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  • Writer's pictureMary Lawrence

The practice of "Noticing"

This past week has been a particularly busy one for me. My mornings have been filled with early meetings, cooking, teaching, event planning, and related activities that have prevented me from taking my daily 40 minute walk in the park. When this happens, my stress level rises and I can feel the tension creep up my spine and tighten like a rubber band about to snap. Can you relate??

Fortunately I was able to squeeze in walk time this morning, and that's when I had an epiphany. Even when our lives are in chaos, when we feel we don't have a second to spare, that's when we need to be most aware of the need for self-care. And we can do that every day, even if it's just for 5 minutes.

I depend on my morning walk not just for physical exercise, but for preparing for the day ahead, for settling my mind, and easing into the responsibilities I have in front of me. The walk becomes a meditative practice that helps me focus and stay grounded even amidst the busiest of days. Without it, I always feel as if I'm struggling to keep up. And on days like I've had this week, I'm left wondering what I can do to prevent that anxiety from welling up. The answer is "noticing."

Noticing is the practice of awareness and becoming in tune with one's self and one's surroundings. It's paying close attention to how you feel physically, emotionally, mentally, and even spiritually at any given moment. And it's also observing external factors that influence those feelings.

But noticing can also be a meditative act performed without judgement, as in this 5 minute exercise. Do it when you feel you've had enough, when you're desperate for a break, or when you just need a moment to ground yourself. If you have longer to spare, turn this into a guided walking meditation.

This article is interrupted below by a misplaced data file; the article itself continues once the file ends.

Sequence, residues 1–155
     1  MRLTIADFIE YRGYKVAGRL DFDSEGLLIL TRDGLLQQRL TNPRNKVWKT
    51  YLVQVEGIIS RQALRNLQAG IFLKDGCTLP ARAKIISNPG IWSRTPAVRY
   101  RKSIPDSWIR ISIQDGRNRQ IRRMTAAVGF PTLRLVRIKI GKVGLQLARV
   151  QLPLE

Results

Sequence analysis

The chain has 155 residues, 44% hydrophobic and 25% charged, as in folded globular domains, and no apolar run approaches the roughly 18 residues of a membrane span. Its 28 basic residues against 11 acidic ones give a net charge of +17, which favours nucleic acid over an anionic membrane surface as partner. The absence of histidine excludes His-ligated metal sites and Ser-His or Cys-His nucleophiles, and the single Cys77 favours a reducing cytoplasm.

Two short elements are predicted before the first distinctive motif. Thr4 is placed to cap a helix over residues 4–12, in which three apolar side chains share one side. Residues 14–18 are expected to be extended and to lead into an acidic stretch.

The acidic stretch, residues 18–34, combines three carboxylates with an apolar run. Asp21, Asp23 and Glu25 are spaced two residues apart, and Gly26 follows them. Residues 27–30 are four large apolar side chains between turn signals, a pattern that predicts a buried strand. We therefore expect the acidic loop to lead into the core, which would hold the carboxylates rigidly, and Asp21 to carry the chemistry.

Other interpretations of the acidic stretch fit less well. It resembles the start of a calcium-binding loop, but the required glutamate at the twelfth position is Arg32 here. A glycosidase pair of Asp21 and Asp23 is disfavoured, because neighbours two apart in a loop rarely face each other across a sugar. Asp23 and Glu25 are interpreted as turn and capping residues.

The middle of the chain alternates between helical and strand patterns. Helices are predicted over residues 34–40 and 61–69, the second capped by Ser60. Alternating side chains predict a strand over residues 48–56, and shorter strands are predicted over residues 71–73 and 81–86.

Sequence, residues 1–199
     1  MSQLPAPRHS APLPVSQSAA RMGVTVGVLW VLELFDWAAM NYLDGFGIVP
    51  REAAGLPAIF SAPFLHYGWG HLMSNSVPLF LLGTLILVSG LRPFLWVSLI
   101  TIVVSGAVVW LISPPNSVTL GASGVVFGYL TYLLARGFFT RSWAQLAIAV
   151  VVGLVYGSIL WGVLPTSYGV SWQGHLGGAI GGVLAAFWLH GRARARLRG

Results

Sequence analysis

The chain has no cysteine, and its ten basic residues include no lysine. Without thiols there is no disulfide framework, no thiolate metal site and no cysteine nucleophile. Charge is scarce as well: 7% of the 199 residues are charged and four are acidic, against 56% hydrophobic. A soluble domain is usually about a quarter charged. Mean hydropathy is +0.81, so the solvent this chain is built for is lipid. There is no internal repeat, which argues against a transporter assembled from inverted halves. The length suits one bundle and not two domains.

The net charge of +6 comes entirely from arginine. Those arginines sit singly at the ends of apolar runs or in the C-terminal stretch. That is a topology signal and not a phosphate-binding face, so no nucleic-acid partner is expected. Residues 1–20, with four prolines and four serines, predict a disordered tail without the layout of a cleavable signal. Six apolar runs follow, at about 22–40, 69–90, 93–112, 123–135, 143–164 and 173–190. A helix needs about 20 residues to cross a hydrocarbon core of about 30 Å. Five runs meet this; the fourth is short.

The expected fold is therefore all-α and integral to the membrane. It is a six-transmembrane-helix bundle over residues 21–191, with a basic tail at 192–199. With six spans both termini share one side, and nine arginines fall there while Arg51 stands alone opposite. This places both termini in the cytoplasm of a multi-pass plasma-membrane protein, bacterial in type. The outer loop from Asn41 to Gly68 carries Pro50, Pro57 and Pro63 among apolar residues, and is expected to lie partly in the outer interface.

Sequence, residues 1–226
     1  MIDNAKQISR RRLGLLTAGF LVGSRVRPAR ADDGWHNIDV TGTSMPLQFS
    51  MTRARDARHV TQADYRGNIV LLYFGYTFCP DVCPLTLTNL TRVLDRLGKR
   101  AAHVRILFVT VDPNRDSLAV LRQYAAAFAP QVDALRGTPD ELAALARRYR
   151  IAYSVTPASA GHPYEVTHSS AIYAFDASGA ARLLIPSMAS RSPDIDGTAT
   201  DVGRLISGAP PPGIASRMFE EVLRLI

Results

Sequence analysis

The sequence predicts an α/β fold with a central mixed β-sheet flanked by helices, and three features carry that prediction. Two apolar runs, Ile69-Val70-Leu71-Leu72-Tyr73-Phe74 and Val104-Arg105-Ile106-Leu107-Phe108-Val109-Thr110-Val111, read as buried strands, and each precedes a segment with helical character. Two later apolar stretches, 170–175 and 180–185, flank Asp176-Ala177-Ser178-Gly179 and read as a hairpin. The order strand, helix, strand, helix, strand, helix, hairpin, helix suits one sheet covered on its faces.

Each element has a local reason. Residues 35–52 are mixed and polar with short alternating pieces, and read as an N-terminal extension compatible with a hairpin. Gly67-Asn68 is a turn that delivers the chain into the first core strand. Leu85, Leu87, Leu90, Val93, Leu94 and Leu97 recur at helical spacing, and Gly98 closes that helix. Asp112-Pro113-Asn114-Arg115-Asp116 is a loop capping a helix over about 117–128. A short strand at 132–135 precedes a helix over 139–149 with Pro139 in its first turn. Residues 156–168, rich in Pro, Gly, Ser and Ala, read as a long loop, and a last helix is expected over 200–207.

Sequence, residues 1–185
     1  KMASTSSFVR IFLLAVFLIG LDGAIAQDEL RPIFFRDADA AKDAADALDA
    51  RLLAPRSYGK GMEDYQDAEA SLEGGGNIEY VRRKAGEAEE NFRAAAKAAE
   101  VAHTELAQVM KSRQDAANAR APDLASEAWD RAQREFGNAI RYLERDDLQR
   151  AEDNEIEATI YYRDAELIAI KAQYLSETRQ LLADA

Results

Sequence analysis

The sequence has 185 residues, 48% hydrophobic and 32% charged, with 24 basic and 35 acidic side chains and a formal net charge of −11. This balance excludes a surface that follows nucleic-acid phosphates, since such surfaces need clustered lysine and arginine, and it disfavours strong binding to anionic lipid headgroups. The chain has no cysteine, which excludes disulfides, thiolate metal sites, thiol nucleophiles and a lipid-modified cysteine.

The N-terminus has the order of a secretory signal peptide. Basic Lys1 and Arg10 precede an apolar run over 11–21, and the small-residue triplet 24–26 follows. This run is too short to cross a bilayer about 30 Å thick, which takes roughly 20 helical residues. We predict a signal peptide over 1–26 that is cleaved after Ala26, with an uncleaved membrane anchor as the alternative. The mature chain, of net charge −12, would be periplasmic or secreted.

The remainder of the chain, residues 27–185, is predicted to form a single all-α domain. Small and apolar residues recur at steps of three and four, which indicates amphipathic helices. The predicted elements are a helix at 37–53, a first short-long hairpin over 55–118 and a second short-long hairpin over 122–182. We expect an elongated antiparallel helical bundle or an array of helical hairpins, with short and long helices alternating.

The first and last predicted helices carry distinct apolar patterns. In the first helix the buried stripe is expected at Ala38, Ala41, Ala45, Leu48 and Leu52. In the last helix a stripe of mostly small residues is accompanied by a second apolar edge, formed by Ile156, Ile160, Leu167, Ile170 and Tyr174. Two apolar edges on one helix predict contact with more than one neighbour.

1. Stand with your feet firmly planted in the ground. If you're able, step outside to do this. If not, standing in front of a window is an alternative. Feel yourself connecting to the earth and allow the earth’s energy to rise within you with each breath. How do you feel?

  2. Take a scan around you and simply observe with your five senses. Notice the air on your face as you breathe. Smell the aroma of a distant fire in a fireplace or soup cooking in a kitchen. Listen to the call and response of birds and fallen leaves crunching under your feet. Observe the unusual bark patterns on the trunk of a tree and the veining of leafless branches. What do you see?

  3. Shift your focus. Noticing can also be about what you choose to leave out. I live in an urban environment where the low rumble of traffic is ever-present, but I choose to allow these sounds to fade into the background underneath more gentle sounds of nature. In this way, I also allow my mind to empty of worrying thoughts so that I can instead focus on simply noticing and being present with my surroundings. Where are you now?

I sometimes practice this simple three-step standing meditation when I’m washing dishes or cooking meals for my clients. Instead of rushing through the process, I find that taking the time to consciously notice connects me to the task at hand and creates a more satisfying experience. Work becomes a peaceful activity that can be enjoyed and even savored.

Try this exercise the next time you feel stressed. Maybe it will become part of a daily habit of noticing and reflecting and engaging more closely with the natural world.

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